One of our patients had kidney biopsy findings of myoglobin casts in addition to ATN. This correlated with the clinical findings of rhabdomyolysis with CK levels >92,000 and exposure to vasopressor medications. Rhabdomyolysis has been reported to be a contributing factor in the development of AKI in patients with COVID-19.12

There were two patients in our group in whom there was no clear trigger for ATN in terms of hemodynamic instability, medications, or pigment nephropathy. In addition, their COVID-19 disease was not severe, and the oxygen requirements were minimal.

The possible mechanisms in play here are intriguing. Some have suggested renal tropism of SARS-CoV-2.13 Using tissue microdissection from six patients who underwent autopsy, SARS-CoV-2 viral load was identified in kidney compartments, and three of six patients had a detectable viral load with preferential targeting of glomerular cells. The authors also detected viral RNA and protein using in situ hybridization and indirect immunofluorescence in a single patient. In the autopsy series from Wuhan, China, three of six tested patients also showed positive granular staining in a nuclear or cytoplasmic pattern in tubular epithelium by immunofluorescence studies.12 The significance of this finding remains to be further elucidated. In our series, we found ATN as the most common kidney biopsy finding, with ischemia as the most common trigger. Other causes could include toxic sepsis–associated state, angiotensin-converting enzyme 2 inhibition, antibiotics, and rhabdomyolysis. Viral staining for SARS-CoV-2 by immunohistochemistry was negative in all ten patients, with adequate reaction in the positive control tissue, suggesting that there is no significant viral presence in any of our kidney biopsy samples. We cannot, however, completely dismiss the possibility of the viral presence at concentration levels below the threshold of detection.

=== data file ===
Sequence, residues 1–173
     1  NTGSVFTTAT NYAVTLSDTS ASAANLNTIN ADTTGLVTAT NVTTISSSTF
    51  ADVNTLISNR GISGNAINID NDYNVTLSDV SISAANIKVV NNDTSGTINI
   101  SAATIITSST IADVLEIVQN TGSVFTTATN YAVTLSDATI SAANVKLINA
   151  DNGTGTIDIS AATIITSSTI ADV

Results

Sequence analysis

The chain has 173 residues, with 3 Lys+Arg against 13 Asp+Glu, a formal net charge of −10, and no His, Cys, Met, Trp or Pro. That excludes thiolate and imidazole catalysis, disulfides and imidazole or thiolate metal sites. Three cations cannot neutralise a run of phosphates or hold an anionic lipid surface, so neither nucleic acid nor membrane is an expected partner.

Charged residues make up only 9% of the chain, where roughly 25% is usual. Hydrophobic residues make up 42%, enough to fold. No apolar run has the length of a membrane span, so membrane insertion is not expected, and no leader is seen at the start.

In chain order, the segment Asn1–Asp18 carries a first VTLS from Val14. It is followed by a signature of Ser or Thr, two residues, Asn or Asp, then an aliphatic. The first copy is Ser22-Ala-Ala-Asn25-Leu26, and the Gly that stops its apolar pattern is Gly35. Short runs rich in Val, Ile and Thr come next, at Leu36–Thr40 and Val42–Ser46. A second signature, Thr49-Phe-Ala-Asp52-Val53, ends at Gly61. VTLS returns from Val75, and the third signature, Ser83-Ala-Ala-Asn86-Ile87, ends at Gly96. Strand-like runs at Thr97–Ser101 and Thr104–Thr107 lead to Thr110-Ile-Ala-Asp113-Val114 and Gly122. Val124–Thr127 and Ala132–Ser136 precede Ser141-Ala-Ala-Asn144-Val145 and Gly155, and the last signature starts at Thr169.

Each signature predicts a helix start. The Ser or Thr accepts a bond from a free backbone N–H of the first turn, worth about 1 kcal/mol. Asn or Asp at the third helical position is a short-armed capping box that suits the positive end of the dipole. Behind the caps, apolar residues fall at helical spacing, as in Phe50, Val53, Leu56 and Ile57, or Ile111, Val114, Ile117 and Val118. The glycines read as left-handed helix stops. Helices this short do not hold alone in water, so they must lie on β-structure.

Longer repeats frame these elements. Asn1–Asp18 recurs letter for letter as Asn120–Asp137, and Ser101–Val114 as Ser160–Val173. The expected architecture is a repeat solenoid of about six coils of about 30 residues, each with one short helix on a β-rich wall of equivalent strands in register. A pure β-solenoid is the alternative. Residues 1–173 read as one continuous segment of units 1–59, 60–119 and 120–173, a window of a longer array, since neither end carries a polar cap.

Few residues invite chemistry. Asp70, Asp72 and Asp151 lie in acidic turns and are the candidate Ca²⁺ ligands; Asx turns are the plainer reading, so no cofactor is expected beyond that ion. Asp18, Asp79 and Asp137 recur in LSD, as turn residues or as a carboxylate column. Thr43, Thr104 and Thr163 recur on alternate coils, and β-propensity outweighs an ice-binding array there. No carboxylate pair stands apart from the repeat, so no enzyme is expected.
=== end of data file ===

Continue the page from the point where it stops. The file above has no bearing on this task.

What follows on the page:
Several studies and patient reports also suggested the presence of viral particles in podocytes and tubule epithelial cells on the basis of electron microscopy findings in their tissue.12,20,21 Consistent confirmation by immunohistochemical staining or in situ hybridization is often lacking in these studies. Moreover, the identity of viral-like particles in some publications has been questioned by others because numerous intracellular components exhibit viral-like morphology, including clathrin-coated vesicles and multivesicular bodies.22,23 We have performed a thorough ultrastructural search for viral particles in all of our samples and identified numerous viral-like particles in all of them (Figure 2); however, we did not detect structures that convincingly fit description and features of coronavirus particles previously described in the literature.24 The identity of viral-like particles remains highly controversial in the literature at this time.